Here’s what Unilever says on a webpage allegedly (when a corporation publicly admits whom it is targeting, you ought to smell a rat) targeted at 11-to-16 girls*:
Catch Unilever’s diagnosis of the culprits involved: “the media,” our “point in society,” and, of course, “we,” the mirror-gazers. No profit-seeking, media-sponsoring, mind-implanting corporations involved whatsoever!
But that’s merely the half of it. Turns out, genuine honesty and realism have had the exact same place in this “Campaign for Real Beauty” as they occupy in any other marketing mix — none.
In a story titled “Retouching Ruckus Leaves Dove Flailing,” this week’s issue of Advertising Age reports that Unilever has been caught with its hand on the very photo imaging software it claims to be denouncing and transcending.
Ad Age’s story on the exposure of Unilever’s fraud quotes Pascal Dangin, the “prominent” image re-toucher who clandestinely worked for Unilever. Laurel Collins, the author of a piece of puff reportage in the immensely over-rated The New Yorker magazine relays this fleeting exchange she had with Dangin:
I mentioned the Dove ad campaign that proudly featured lumpier-than-usual “real women” in their undergarments. It turned out that it was a Dangin job. “Do you know how much retouching was on that?” he asked. “But it was great to do, a challenge, to keep everyone’s skin and faces showing the mileage but not looking unattractive.”
So, even in a “real” marketing image, the really real must be carefully selected and re-touched, as always.
Once again, Robert L. Heilbroner: “How strong, deep, or sustaining can be the values of a civilization that generates a ceaseless flow of half-truths and careful deceptions?”
*My guess is that the whole “Campaign for Real Beauty” is actually targeted at middle-aged moms, with the idea being to build brand loyalty to Dove among both moms and daughters by preying upon the moms’ own fear of aging and their desire to mentor their daughters in a vaguely feminist way. “Dove is real!”
Barring the somewhat early arrival of the world-historic socio-enviro-economic implosion this overclass is courting with all its might, this item from today’s New York Times will very soon sound like the molehill that became a mountain:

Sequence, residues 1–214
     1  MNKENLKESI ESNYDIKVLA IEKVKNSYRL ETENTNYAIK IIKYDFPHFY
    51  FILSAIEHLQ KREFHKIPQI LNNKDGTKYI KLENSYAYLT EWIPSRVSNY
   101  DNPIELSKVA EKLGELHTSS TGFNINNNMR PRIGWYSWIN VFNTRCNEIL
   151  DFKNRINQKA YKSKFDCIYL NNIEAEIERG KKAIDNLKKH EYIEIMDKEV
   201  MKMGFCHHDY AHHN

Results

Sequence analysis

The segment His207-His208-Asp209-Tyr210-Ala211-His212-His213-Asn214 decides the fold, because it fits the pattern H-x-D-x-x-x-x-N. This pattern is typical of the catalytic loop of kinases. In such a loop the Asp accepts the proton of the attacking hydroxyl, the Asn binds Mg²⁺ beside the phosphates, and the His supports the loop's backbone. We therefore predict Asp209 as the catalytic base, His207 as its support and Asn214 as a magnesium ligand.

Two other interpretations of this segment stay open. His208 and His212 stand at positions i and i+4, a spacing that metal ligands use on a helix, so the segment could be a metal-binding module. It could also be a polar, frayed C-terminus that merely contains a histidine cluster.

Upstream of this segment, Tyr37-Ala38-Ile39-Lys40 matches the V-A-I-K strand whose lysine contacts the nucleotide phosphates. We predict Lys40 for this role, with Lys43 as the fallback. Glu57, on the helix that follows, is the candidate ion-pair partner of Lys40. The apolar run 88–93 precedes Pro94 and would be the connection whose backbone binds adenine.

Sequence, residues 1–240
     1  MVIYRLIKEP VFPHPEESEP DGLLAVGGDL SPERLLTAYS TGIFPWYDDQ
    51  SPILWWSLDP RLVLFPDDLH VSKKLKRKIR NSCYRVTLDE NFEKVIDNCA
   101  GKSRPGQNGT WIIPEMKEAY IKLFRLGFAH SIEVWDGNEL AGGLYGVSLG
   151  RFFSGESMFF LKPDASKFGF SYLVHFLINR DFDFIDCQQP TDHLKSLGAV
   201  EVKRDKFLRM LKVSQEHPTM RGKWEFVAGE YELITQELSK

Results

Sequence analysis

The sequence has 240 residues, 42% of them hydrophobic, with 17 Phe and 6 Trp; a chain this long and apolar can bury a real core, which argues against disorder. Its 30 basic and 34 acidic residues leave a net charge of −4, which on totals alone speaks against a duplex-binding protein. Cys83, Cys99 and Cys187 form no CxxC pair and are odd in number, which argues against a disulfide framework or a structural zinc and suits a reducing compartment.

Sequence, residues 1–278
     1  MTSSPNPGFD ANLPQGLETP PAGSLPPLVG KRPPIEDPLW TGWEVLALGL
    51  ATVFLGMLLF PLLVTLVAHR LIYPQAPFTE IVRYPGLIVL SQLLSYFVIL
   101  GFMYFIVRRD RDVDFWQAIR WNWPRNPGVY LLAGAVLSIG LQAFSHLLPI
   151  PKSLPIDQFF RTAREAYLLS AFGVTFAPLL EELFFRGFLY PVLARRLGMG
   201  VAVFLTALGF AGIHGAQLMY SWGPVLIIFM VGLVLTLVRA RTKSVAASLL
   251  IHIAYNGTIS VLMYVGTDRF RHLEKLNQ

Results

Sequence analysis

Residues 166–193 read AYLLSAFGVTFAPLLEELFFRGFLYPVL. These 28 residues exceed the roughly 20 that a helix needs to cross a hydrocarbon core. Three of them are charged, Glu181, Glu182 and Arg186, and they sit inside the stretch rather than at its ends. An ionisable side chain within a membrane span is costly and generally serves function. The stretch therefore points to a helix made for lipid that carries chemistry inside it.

American consumers are expected to receive an estimated 1.5 billion unsolicited text messages in 2008, according to San Francisco-based Ferris Research, which tracks mobile messaging trends. That is nearly double what they received in 2006.
Every once in a while, a top corporate capitalist operative will publicly spill a deep truth about the system.
This time, it was J. Walker-Smith, President of Yankelovich, Inc., a subsidiary of the WPP Group, which employs over 100,000 people in its various marketing services operations:
“All of this marketing saturation that’s going on is creating this kind of arms race between marketers where they have to up the ante the next time out because their competitors have upped the ante the last time they were out,” Walker-Smith told CBS News. “And the only way you can win is to have more saturation — be more creative; be more outrageous.”
That is exactly correct. Its monumental implications are also still barely perceived, let alone combatted.
Corporate business normalcy spurs the huge firms that dominate the domestic and international economies to keep expanding and refining their marketing efforts.
“Well, it’s a non-stop blitz of advertising messages,” president of the marketing firm Yankelovich, Jay Walker-Smith said. “Everywhere we turn we’re saturated with advertising messages trying to get our attention. [There’s] a kind of super saturation of advertising that [people] are exposed to on a daily basis.”
Walker-Smith says we’ve gone from being exposed to about 500 ads a day back in the 1970’s to as many as 5,000 a day today.
My own educated guess is that big businesses are now spending around $2 trillion a year on their marketing operations in the United States alone.
And we know that the sheer number of people employed in “sales engineering” is also huge and growing.
Advertising Age recently reported that:
U.S. media employment in December fell to a 15-year low (886,900), slammed by the slumping newspaper industry. But employment in advertising/marketing-services — agencies and other firms that provide marketing and communications services to marketers — broke a record in November (769,000) [of 2007].
That record 769,000 number is important but also a serious under-estimate. It counts neither in-house corporate marketing personnel nor the huge number of freelancers not technically employed by agencies.
And, given that almost 100 percent of the US media are corporate, their central function is to serve as marketing platforms — eyeball and eardrum attractor/conditioners — for their corporate sponsors. Hence, it would only be proper to add those 886,900 media workers into whatever the real number of laborers in the marketing juggernaut may be.